Escape rooms have become a popular form of entertainment among people without claustrophobia. If you're unaware, you basically voluntarily lock yourself in a room, often with strangers, and have to solve a series of puzzles to find the key to let yourself out. I will admit, the one escape room in which I have partaken was more fun than I thought it would be, but I think that's because I knew everyone I was doing it with, and I'm not necessarily itching to do it again.
Neither was the guy in this hilarious story posted to Reddit's MaliciousCompliance. He made an escape room reservation that he didn't want to keep, so he invented his own escape room situation to cleverly weasel his way out of it, much to the chagrin of the escape room owner.
The owner is actually the person who posted this story on Reddit. He was that impressed with the potential customer's snaky moves. For context, he wrote, "I own an escape room company in a town which borders a pretty touristy area and is very close to an airport." So they get a lot of travelers on their way in or out of town doing escape rooms.
They only take bookings online, and they only issue refunds for cancellations made more than 24 hours in advance of the appointment time. (This will be important later.) They are usually pretty lax with this policy except on Saturdays, when they're usually extremely busy and someone's canceled appointment could have been filled by another group.
So, a guy calls and says he and his group won't be able to make their escape room appointment, which was supposed to be in less than three hours. The place was booked for the rest of the day, so he couldn't offer them a same-day rescheduling, and they were leaving town that night. The guy asked for a refund, but as you now know, that's not the policy.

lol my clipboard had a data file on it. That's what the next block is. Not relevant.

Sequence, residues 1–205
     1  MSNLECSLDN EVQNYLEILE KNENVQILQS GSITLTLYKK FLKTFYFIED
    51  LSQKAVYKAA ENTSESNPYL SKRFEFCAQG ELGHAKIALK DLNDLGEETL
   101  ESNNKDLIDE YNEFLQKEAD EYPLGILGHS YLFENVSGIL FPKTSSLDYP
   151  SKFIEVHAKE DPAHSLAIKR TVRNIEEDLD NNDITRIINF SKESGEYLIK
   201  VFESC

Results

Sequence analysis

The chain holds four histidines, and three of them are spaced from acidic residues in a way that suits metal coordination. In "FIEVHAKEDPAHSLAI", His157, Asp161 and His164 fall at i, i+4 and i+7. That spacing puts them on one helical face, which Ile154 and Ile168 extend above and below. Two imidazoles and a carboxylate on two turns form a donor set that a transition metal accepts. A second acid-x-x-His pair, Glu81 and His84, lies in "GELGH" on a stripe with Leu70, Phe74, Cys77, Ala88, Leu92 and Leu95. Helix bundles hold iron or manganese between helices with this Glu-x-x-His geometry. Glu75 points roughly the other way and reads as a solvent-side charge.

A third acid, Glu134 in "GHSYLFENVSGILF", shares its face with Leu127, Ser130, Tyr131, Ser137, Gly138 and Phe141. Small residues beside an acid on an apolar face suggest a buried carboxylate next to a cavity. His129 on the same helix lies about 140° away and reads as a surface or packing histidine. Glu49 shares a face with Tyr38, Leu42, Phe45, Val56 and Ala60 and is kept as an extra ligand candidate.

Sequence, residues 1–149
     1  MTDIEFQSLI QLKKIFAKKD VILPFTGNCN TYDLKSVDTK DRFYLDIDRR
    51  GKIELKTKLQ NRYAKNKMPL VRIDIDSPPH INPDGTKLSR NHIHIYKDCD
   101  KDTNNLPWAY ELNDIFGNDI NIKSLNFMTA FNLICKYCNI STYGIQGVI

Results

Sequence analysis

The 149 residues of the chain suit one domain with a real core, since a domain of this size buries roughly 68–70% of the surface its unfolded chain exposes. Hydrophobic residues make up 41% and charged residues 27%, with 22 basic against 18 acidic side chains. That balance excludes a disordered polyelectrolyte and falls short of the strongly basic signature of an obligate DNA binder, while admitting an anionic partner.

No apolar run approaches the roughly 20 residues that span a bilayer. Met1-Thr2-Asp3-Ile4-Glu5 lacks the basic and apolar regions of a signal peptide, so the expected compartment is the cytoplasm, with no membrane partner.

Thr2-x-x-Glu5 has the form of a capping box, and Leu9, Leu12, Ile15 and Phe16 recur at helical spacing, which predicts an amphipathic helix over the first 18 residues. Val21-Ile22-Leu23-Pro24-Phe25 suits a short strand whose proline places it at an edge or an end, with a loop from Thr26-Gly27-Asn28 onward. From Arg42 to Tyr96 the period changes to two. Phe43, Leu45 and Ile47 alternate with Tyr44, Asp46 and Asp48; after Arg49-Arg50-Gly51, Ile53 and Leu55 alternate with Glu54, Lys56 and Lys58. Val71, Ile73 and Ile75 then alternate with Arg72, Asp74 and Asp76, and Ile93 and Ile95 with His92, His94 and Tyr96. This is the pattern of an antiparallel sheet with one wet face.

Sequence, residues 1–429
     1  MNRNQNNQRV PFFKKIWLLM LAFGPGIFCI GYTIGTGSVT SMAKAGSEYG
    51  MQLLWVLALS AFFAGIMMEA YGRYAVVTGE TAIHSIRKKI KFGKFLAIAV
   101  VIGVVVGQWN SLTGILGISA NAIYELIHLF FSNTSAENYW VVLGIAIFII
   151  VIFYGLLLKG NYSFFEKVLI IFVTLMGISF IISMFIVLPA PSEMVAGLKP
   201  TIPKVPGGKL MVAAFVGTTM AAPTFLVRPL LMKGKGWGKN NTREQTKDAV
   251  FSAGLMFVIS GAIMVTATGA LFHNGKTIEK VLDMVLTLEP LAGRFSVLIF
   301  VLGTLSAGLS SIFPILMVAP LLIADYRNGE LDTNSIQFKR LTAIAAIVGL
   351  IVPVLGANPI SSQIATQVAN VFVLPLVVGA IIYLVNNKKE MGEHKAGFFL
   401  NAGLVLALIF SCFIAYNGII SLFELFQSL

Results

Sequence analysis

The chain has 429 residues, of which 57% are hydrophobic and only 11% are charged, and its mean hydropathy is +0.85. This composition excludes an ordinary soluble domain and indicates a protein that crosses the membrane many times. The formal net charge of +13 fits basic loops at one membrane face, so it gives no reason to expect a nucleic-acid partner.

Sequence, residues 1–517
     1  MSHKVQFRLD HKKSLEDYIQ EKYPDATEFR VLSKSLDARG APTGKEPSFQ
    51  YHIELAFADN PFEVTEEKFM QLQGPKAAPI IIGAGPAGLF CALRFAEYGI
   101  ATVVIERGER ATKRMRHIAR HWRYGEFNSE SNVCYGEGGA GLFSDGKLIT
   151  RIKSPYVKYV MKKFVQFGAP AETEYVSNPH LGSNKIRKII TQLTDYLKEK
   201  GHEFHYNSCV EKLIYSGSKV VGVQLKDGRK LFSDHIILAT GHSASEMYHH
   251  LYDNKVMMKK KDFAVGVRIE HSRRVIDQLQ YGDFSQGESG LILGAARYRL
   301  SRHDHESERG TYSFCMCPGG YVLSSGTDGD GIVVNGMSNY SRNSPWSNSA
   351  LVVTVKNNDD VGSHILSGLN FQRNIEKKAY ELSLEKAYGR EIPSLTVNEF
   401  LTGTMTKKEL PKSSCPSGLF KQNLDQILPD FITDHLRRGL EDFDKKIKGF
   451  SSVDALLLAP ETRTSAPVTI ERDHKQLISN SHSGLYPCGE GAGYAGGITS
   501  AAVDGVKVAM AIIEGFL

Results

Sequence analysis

"After a short pause," he wrote, "he asked if we had any free slots to schedule for next month." The owner gladly moved the appointment to weeks later. That's when this sneaky guy said, "Right, so the booking is more than 24 hours away. I won't be able to make it. Can I have a refund?"
The escape room owner had been tricked! He thought it was so funny that he had no choice but to issue the refund. This man had escape-roomed his way out of his escape room reservation. With that cleverness, he probably would have crushed the actual escape room.
Sometimes, though, when you're actually forced to partake in an escape room, it gets super awkward. That was the case for this next person, who posted their story to the TIFU subreddit. They explained that they were testing an escape room experience a friend-of-a-friend constructed for a Halloween party.
Along with a few complete strangers, they started looking around the cheaply-made escape room. It was awkward because no one wanted to be the "guy who's super excited to lead the group." While quietly looking around, they noticed their was a history theme. We're talking "computer-printed photos of historical figures and explorers on the walls, a cheap dollar-store style globe on an end table, and so on."
So, the first thing this guy did was locate a combination lock on the door. It was one of those ones with a four-number code. He put in the first relevant number he thought of, which was 1492, the year Christopher Columbus landed in the Americas.
And what do you know? The lock opened. He solved the whole escape room just using context clues from the room itself. The host was not too happy about this and awkwardly asked him to leave and then made the rest of the people find where the combination was hidden. Whoops! Maybe that guy shouldn't have made his escape room lock combination so intuitively easy to figure out!
Obviously, the lesson here is that escape rooms are a scourge and I don't know why we as a society let them happen. Doing an escape room is inherently awkward. I can't imagine how awkward it gets when the creator watches you solve the whole thing in two seconds. The best thing to do is obviously to avoid them at all cost. If you have an escape room appointment, cancel today* using any means necessary.
*No shade to escape room owners, but let's ask ourselves what we're really doing here, folks.